Published by HarperCollins Publishers
Published in 2019

It's World War II, you're living in Nice, France. Do you...

A) Work for the Resistance
B) Wait and see what happens--even though it's pretty clear what is happening to your Jewish neighbours
C)Collaborate with the Nazis

It's 2017, during a trip to France you discover evidence that seems to indicate that a beloved relative collaborated with the Nazis. What do you do?
'[A]lthough so many had claimed afterward to have been involved in the Resistance, only around two percent--mainly students and immigrants--had actually committed themselves. Perhaps another eight percent had taken timid steps.' (p. 101)
'And after all, didn't [Noah's] kind manage to ignore today's awful wrongs? Read the paper, shook their heads regretfully, sipped their lattes.' (p. 102)
Emma Donoghue has crafted yet another compelling read. As there are rather long chapters, I'm thankfully for the page breaks.

Things I'd like to ask Emma Donoghue--given the opportunity...

1)I recall an interview in which you said that your son had inspired Room. Did your son inspire this novel as well?

2)Why is Noah so quick to think the worse of his beloved relative with very little evidence when the opposite could be equally as likely?

3)Was writing about Noah's obvious irritation with grammar and other language issues mistakes therapeutic for you?

Here are some questions Emma Donoghue has answered.

Next Sunday evening...




I'll share a short story I wrote recently for this upcoming event... 

Storyteller evening--with music
at the Agricultural Society Hall
on Mayne Island, BC
at 7:30 PM
on Saturday, November 30th



Sunday, November 3, 2019

Writing About Books (list of quotes)

I started reviewing books for this blog in 2012. Recently, I re-read my notes. To celebrate this blog's ninth anniversary, I compiled this list of quotes.

So all together now, let's sing the praises of reading--types the dyslexic. 


photo by ldyck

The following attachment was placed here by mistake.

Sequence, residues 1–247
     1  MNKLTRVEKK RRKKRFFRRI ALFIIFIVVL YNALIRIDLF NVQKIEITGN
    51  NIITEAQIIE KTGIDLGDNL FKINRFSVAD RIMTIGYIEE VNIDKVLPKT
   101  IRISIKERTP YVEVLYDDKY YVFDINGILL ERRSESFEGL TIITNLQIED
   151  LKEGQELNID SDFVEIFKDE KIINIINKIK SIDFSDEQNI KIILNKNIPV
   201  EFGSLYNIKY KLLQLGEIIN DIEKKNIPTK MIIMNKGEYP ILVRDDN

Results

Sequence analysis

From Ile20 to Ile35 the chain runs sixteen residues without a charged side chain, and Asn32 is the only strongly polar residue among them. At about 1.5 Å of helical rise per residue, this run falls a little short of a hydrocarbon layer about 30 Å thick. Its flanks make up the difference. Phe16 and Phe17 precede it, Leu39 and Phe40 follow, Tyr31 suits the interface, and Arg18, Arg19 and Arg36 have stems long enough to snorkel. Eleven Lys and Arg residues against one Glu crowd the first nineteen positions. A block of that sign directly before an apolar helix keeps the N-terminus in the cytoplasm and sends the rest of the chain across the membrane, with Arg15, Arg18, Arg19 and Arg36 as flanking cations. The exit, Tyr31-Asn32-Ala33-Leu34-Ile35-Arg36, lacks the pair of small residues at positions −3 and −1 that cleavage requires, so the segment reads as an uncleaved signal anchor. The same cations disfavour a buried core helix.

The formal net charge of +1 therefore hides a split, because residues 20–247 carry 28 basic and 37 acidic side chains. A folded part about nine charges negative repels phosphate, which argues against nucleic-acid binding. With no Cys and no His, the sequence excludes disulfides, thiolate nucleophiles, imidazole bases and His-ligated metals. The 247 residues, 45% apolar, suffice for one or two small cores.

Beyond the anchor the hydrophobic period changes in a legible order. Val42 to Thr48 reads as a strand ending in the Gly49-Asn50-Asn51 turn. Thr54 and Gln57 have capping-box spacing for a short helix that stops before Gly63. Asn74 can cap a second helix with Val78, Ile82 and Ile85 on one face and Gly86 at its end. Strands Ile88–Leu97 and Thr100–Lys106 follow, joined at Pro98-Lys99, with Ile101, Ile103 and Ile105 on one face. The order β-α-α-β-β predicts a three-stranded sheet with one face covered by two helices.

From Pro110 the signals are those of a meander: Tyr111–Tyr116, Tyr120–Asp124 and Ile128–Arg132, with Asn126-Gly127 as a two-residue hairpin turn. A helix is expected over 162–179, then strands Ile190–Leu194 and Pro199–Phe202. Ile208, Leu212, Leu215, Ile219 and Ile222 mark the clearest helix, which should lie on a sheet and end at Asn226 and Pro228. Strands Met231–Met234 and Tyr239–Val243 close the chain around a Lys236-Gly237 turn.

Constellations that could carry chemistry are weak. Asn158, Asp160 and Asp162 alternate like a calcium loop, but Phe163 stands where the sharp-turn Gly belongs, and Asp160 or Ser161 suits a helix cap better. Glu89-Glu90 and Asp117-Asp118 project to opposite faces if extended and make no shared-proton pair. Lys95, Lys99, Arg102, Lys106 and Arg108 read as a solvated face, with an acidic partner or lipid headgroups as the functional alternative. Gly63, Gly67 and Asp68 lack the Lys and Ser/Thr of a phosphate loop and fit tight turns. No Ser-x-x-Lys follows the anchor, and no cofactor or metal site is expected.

Writing about Books

'[B]ooks are the nation's most precious possession.' 
Independent PeopleHalldor Laxness

'[W]hen you handle books all day long every new one is a friend and a temptation.'
The HistorianElizabeth Kostova

'A book lives in every person who reads it.' 
SweepJonathan Auxier

'[S]he would not be without guidance, she would not be without love, without faith; she had a good book with her.' 
Cider House RulesJohn Irving

'[H]e had made Nan read it a second time. That is the sign that you really love a book.'
SweepJonathan Auxier

'He had found her reading a book, which was a peculiar occupation for a woman who was not a nun.' 
The Pillar of the EarthKen Follett

'[P]ublishing a book is like scattering ashes from an urn.'
SweepJonathan Auxier

'She chirps the last bit as if that were all to say about a book:  It's good or it's bad. I like it or I didn't. No discussion of the writing, the themes, the nuances, the structure. Just good or bad. Like a hot dog.' 
Gone GirlGillian Flynn

More...

This morning I took my dog for a walk and inspiration struck. I hope you enjoy the result.


A Poem for November

November did try,
she filled her skies with blue
and let the sun shine

Still people shared poems
about how dull she is

But July told November,
"People need moody days too."




Next Sunday evening...


Book review:  Akin by Emma Donoghue

Maybe I could summarize this novel like this...

"What did you do during the war, Mom?"
"What did you do to end poverty, Son?"

Please click the link to read my review next week.

Sunday, October 27, 2019

Book Review: The Picture of Dorian Gray by Oscar Wilde (horror)

The Picture of Dorian Gray explores what can happen to a man's life when he is manipulated by the wrong influence.